Better Buy: Restaurant Brands International vs. Starbucks

Restaurant Brands International (TSX:QSR) and Starbucks (NASDAQ:SBUX) are great fast-food plays to buy in 2023.

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It’s been a roller-coaster ride of volatility this year. With a recession likely in the schedule for 2023, things may not be so quick to bounce back. Undoubtedly, it’s a tough environment to be a new investor. Even with all the uncertainty, it’s a far better time to be an investor today than a year ago. Indeed, the market selloff has been painful, but with valuations now looking quite good across the board, now is as good a time as any to start averaging into stocks on your wish list.

In this piece, we’ll shift our attention to the restaurant scene. Here in Canada, we have Restaurant Brands International (TSX:QSR), the legendary firm behind Tim Hortons, Burger King, Popeyes Louisiana Kitchen, and Firehouse Subs. The stock is in the process of climbing out of a multi-year rut. Tough cost cuts and questionable moves have made QSR stock a sub-par investment over the past five years. Still, the next five years look more enticing, with a new plan and some new managers aboard.

Meanwhile, Starbucks (NASDAQ:SBUX) is a coffee giant that’s worth swapping one’s loonies for greenbacks. It’s been a rocky past few years for Starbucks, with big exec suite changes and a slew of pandemic-era headwinds that have weighed heavily. Despite the rocky road, though, Starbucks stands out as one of the most attractive growth plays in the restaurant scene today.

Let’s have a closer look at QSR and SBUX stocks to see which may be the better bet for Canadian investors heading into a recession year.

Restaurant Brands International

Restaurant Brands is the fast-food firm that we know and love as Canadian investors. The stock may have been sluggish over the years, but recent action suggests the name has woken up, with a run to new heights in sight. The $42.7 billion firm has a lot of growth potential under the hood. And with Patrick Doyle joining the team, Burger King could be on the cusp of becoming a dominant force in fast-food again after years of taking it on the chin at the hands of rivals in the space.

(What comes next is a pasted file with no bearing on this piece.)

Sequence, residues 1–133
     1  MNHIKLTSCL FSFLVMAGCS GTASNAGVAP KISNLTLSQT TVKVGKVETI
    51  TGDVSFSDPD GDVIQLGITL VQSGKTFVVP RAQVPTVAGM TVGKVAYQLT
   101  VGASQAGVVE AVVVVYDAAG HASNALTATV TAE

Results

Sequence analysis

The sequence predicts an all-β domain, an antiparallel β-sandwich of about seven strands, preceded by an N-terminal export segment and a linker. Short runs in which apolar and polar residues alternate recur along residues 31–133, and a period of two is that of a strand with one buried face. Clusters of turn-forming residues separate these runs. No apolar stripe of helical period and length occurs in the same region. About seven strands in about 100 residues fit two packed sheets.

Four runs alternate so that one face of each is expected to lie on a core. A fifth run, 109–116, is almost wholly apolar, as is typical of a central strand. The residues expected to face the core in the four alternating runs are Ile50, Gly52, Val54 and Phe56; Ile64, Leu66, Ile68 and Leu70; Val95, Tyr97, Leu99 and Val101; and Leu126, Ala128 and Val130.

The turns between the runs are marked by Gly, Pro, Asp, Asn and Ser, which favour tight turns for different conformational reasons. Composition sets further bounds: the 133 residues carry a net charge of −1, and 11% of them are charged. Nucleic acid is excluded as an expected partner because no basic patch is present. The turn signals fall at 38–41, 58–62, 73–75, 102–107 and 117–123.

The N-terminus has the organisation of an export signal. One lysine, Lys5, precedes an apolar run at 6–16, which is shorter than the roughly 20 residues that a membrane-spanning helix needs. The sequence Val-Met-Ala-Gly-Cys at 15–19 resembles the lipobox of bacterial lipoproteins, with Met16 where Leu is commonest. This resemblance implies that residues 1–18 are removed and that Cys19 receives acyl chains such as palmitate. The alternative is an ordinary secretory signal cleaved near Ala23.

The stock trades at 3.2 times price to sales (P/S) and 21.4 times trailing price to earnings (P/E). Both metrics are well below restaurant industry averages. The stock also yields a juicy 3.23%. Undoubtedly, QSR is one of the more interesting turnaround plays in this market.

Unlike its peers, QSR will be able to flex its cheap, value-rich offerings in times of economic hardship. Lower-cost food is likely to be a hot seller in a recession year that has inflation still at alarmingly high levels. Given the tailwinds ahead, QSR stock deserves to trade at a multiple more in line with industry averages. I think QSR stock is an absolute bargain.

Starbucks

Starbucks stock is starting to heat up again, with shares now north of $101 per share. Undoubtedly, the new chief executive officer Laxman Narasimhan has his hands full, as he tries to steer Starbucks through a downturn. The appetite for premium coffee just isn’t as hot in tough times as it is in good times. Still, there’s no denying the brand power of Starbucks and its ability to bounce back after the toughest of environments. Brand power has been critical in helping the firm navigate through an inflationary world.

Looking ahead, Starbucks is poised to take its growth in China to the next level. If all goes well, Starbucks could be one of the most enticing earnings-growth companies right here. If anything, Starbucks is a stealth China growth play that could pay major dividends for years to come.

The stock trades at 35.9 times trailing P/E and 3.7 times P/S. With a 2.1% dividend yield and solid positive momentum behind the stock, I’d argue SBUX is a worthy pick-up right here.

Better buy?

It’s hard to choose between QSR and SBUX stock. I own both in my personal portfolio. If I had to choose one, I’d have to go with QSR stock. It’s cheaper with grand ambitions and a juicier dividend.

This article represents the opinion of the writer, who may disagree with the “official” recommendation position of a Motley Fool premium service or advisor. We’re Motley! Questioning an investing thesis — even one of our own — helps us all think critically about investing and make decisions that help us become smarter, happier, and richer, so we sometimes publish articles that may not be in line with recommendations, rankings or other content.

Fool contributor Joey Frenette has positions in Restaurant Brands International and Starbucks. The Motley Fool recommends Restaurant Brands International. The Motley Fool has a disclosure policy.

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